Withdrawal Work-Up II

First posted 11/11/2012
In my last post, I wrote about the work-up of a patient who experiences symptoms similar to opioid withdrawal that start about an hour after each dose of Suboxone.  We decided that the symptoms were signs of withdrawal—i.e. reduced activity of mu-opioid pathways—and that the symptoms were triggered by taking a daily dose of Suboxone (buprenorphine/naloxone).
Note that I wrote that the symptoms seemed to be caused by reduced mu activity, i.e. not necessarily by reduced mu-receptor binding. Endogenous opioid pathways are very complex.  Decreased activity in opioid pathways may arise from decreased binding of agonist at the receptor, or from changes in a number of other chemical or neuronal pathways.
This diagram shows the processes that are triggered by mu-receptor binding in humans before and after opioid tolerance.  The diagram only shows the complexity of processes within one type of neuron with opioid receptors; realize that each neuron 1. Has receptors for many other neurotransmitters as well, and 2. Receives input from thousands of other neurons.  As we sort through possible causes of our patient’s symptoms, keep in mind the complexity of neural pathways.
While we are on the subject of complexity, the web site linked above is an incredible resource for those interested in biochemistry.  The site includes diagrams of a number of metabolic pathways that describe how different molecules, including neurotransmitters, are manufactured by the human body.  I encourage people to browse the site.  You will gain insight into why the actions of substances are difficult to fully predict.
The withdrawal symptoms experienced by our patient might arise from dysfunction in any one of the many chemical pathways that affect opioid tone. But since a dose of Suboxone contains naloxone, a mu-receptor inverse agonist, it is possible, maybe even likely, that the naloxone is related to symptoms.
Naloxone is less lipid-soluble than buprenorphine and so only a small portion—about 3%– of a dose is absorbed through mucous membranes.  The rest of the naloxone is swallowed, consciously or inadvertently, and eventually absorbed from the small intestine, to pass to the liver via the portal vein.  The entire dose is usually metabolized by the liver before gaining access to the general circulation, a process called ‘first pass metabolism.’  If our patient’s withdrawal symptoms are caused by naloxone, we have to find a way for the naloxone to enter the general circulation, so that it can displace buprenorphine from mu receptors in the brain.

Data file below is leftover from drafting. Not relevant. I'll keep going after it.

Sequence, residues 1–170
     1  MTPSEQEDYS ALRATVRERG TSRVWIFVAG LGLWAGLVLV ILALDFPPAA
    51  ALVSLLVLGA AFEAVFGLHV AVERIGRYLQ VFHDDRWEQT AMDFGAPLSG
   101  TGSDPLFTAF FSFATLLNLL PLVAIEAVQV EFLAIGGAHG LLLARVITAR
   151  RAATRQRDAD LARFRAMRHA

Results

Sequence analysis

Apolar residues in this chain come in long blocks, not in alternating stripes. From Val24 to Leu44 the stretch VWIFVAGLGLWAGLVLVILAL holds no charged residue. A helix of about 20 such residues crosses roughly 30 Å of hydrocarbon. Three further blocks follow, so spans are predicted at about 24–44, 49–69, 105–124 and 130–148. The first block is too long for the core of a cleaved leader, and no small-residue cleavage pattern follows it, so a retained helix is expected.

Absorption through oral mucosa is unlikely to vary from one person to the next.  Some molecules become more lipid-soluble in acidic or basic pH environments, but not naloxone.  I suppose that absorption might be increased by removing layers of the oral mucosa by vigorous brushing, but I doubt we could get a significant increase in absorption without considerable painful damage to the oral mucosa.
Likewise, there is little difference in the absorption of molecules by the small intestine in the absence of significant disease processes affecting the GI tract.  Absorption and liver metabolism of some drugs may be changed by surgeries, such as gastric bypass.  But our patient has neither gastro-intestinal disease nor history of surgery to his GI tract.
Naloxone is metabolized by a liver enzyme called UDP-glucuronyl transferase.  The enzyme attaches a molecule called glucuronic acid to naloxone, creating a larger molecule that is easily excreted by the kidneys.  I have been reading up on glucuronidation, suspecting that something may be interfering with that process in our patient to cause an increased blood level of naloxone.  Biochemists are invited to correct me if I am wrong, but from my reading, the glucuronidation process is not limited to specific cytochromes.  Whereas buprenorphine is metabolized by CYP3A4 and CYP2C8, two groups of enzymes that are inhibited by certain medications, the glucuronidation of naloxone is not blocked by other medications.
In layperson’s terms, I suspected that the patient was taking a medication that blocked the breakdown of naloxone at the liver, causing an increased blood level of naloxone that then interfered with buprenorphine activity.  There are a number of medications that block the breakdown of buprenorphine, but none that I could find that block the breakdown of naloxone.  Dead end.
The patient was taking an antihistamine, cetirizine, which is excreted mostly unchanged at the kidneys, but I have not found any evidence that the excretion of cetirizine interferes with the metabolism or excretion of naloxone. Likewise for the Lexapro he was also taking.  Dead end again.
It would have been cool had I discovered a precise explanation for the patient’s symptoms.  Had I found a logical explanation for his symptoms, I would have suggested changes in his medications and submitted the drug interaction to a peer-reviewed journal as a case report.  The patient would feel better, and fame and fortune would be one step closer…